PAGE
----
Four Pricing Strategy Considerations

Do you know the customer

Most successful firms fix a price tag, using combination of tools and know that the key factor to consider is always your customer first. The more you know about your customer, the better you'll be able to provide what they value and the more you'll be able to charge. Further to that, some clients know what they want, others require further consultation, and surprise you with assumptions as the work commences. Taking the time to understand your customers both broadly, as a target market and individually as a client, provides the critical information to inform your pricing strategy. 

Considerations for fixed fee project participation

Project participation based on a fixed fee can be risky for a multitude of reasons, but in most cases it is industry standard and hard to avoid. There are a few things to consider, have you worked with the client before? If not, consider that your firm and theirs will be learning how to work together. This takes time. As teams build bonds, things move (where possible) faster, but do not forget- even then this isn't guaranteed. Further to that for projects/jobs where other consultants are involved has your firm worked with them before? Is there a potential for their involvement to affect yours? Who will be managing them and coordinating the communication amongst the teams?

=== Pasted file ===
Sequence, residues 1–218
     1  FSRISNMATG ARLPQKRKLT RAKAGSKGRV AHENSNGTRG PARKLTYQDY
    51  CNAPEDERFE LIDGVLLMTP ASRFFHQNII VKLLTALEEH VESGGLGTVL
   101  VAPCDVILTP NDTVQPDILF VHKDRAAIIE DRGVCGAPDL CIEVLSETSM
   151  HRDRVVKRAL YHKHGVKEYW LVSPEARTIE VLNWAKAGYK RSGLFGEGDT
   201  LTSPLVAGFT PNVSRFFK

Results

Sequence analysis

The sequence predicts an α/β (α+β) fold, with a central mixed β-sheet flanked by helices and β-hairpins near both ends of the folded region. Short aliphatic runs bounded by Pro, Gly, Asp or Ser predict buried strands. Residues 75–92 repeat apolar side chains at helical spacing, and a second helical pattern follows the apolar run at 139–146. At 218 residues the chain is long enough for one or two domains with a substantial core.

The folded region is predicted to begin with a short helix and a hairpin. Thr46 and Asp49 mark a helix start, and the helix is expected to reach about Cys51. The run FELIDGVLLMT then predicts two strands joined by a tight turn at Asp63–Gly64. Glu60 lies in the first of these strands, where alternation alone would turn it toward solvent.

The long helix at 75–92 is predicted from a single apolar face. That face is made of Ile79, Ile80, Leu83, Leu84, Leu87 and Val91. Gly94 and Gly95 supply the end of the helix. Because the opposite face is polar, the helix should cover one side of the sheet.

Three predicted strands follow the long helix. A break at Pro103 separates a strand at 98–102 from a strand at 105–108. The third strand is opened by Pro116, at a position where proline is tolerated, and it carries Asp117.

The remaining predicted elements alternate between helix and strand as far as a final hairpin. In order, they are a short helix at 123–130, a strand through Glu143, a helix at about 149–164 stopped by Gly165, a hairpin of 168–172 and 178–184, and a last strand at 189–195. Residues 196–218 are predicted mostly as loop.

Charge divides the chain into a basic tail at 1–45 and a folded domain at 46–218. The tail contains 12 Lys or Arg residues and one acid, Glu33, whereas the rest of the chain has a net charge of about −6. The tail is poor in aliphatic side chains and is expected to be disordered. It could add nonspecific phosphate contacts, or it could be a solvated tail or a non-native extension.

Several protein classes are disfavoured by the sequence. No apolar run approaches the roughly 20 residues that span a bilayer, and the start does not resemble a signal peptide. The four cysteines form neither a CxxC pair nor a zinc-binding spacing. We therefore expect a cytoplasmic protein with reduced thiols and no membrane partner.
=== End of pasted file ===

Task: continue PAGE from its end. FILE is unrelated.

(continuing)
Know your revenue target

It is important you have a revenue target of how much you profit you want from your business. Take that revenue target, include your costs for producing, marketing, and selling your product and you can come up with a price per product that you want to charge.

Where do you sit in the market?

In setting your price, it is helpful to look at the competition. Are the products offered comparable to yours? If so, you can use their pricing as an initial gauge. In doing this, be cautious about regional differences and always consider your costs completely. 

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